How can Western practitioners best prepare themselves for studying Chinese medicine?

In terms of studying Chinese medicine, there is no difference in preparation for a Western practitioner or an Eastern practitioner. The best way to prepare is to do personal cultivation. In the Chinese medicine traditional education system, before the Master teaches you anything about medicine, they always first stress that you learn to be a good person and to cultivate your virtue. A good doctor first needs to be a good person, and have a good heart to help others. Traditionally, you didn’t learn medicine as a business venture to make tons of money. For the Master to share knowledge with you, he/she has to be clear that your deep purpose and drive is to help others. The HuangDiNeiJing (the Yellow Emperor’s classic text of Chinese medicine) emphasizes that you have to be careful not to teach certain skills to the wrong person – the wrong person, meaning someone who does not carry a high level of virtue.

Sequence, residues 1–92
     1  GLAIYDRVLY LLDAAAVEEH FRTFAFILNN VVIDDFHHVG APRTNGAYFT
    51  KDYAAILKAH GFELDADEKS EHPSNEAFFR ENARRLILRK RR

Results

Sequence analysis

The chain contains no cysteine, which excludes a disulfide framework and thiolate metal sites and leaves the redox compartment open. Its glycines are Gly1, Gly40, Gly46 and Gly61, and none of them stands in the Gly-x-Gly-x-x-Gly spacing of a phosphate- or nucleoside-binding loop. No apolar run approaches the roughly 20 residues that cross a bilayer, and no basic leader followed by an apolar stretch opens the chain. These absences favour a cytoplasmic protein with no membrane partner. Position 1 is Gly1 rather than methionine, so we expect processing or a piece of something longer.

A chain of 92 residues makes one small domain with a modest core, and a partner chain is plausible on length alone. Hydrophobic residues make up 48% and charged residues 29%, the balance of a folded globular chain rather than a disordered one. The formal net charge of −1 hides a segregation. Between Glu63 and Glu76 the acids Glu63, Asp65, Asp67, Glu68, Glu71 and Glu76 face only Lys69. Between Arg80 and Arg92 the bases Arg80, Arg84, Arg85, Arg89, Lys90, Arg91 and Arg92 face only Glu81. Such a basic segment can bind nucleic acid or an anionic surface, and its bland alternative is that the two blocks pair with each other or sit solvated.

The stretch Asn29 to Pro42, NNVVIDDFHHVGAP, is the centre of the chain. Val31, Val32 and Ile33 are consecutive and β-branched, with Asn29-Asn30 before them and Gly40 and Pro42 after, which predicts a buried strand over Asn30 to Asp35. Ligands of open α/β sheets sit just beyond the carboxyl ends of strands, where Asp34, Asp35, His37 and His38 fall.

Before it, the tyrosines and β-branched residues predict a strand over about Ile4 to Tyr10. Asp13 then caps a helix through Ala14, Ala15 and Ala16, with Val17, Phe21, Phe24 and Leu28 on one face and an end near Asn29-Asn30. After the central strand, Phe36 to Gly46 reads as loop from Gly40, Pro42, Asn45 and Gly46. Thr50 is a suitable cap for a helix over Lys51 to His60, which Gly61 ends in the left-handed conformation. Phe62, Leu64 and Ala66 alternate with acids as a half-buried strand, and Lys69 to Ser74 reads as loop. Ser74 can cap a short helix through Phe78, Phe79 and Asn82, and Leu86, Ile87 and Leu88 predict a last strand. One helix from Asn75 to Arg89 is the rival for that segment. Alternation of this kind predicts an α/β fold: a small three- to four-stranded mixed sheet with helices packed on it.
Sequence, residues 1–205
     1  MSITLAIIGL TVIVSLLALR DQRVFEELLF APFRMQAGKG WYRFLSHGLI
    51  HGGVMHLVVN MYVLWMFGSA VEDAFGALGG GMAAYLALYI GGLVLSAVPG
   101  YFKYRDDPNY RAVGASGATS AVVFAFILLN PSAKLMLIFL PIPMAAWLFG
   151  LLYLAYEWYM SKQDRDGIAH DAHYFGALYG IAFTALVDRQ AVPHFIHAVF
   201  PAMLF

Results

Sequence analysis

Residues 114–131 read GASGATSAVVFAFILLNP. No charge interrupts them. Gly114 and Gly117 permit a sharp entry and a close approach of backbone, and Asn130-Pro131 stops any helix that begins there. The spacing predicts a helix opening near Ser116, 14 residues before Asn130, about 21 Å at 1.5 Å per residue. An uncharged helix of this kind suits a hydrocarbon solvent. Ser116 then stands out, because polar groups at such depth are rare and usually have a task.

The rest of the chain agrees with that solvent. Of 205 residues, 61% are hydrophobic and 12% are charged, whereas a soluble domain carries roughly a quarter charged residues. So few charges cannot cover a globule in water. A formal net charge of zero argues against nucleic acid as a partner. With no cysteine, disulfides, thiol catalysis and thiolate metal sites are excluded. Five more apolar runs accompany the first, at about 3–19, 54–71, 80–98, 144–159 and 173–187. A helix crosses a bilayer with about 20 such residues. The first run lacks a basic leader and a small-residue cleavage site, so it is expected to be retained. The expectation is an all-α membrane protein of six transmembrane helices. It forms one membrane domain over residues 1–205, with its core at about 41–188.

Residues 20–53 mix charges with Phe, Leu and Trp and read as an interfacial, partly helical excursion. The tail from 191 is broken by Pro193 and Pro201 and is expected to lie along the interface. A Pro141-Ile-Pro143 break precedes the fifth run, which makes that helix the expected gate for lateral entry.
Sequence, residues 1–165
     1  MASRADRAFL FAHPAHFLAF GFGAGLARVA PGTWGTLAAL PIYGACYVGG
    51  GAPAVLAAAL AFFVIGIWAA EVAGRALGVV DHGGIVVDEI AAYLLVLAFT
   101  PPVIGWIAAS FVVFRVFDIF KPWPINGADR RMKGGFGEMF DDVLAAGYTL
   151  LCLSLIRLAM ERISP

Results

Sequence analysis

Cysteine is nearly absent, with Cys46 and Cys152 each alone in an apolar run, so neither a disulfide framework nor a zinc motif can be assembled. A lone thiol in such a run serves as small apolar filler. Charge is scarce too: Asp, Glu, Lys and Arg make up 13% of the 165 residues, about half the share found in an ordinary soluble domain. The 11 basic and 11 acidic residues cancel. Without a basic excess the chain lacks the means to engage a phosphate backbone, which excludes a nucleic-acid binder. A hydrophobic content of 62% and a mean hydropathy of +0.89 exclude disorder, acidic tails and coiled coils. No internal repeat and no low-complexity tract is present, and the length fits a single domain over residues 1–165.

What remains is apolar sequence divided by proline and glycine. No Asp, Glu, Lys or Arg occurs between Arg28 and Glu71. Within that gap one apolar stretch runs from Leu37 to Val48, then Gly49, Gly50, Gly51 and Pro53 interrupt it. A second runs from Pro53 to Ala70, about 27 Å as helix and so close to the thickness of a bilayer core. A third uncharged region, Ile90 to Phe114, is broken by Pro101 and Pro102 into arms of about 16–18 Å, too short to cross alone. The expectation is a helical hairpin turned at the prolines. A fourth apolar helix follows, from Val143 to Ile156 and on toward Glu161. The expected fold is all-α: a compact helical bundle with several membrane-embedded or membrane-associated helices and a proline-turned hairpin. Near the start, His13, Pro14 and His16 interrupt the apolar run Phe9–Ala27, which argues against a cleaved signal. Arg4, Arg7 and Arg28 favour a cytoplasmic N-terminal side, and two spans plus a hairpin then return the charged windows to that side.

You are lecturing at the Confucius Institute in London in February on the topic of Qigong as the basis for Chinese medicine. Can you say a little about why this is such an important topic?

Yes, Qigong is the source of Chinese medicine. The whole system was discovered by ancient enlightened beings who made profound connections about their bodies and Nature while in heightened Qigong states. According to the QiJingBaMaiKao (Investigations into the Eight Extraordinary Vessels), a book by the Ming Dynasty’s famous herbalist LiShiZhen’s, the subtle energies of the inner pathways of the body (for example the pulses, the points, the meridians, and even the organs themselves) may be seen only by those who cultivate Fan Guan (literally, ‘reverse observation’), or the ability to look within with clarity. LiShiZhen concluded that only high-level Qigong practitioners could see the meridian systems. Before the modern term Qigong became popularized, all Qigong cultivation practices (including seated meditation) were known as Guan, which itself means ‘observe or observation’, and implies self-observation.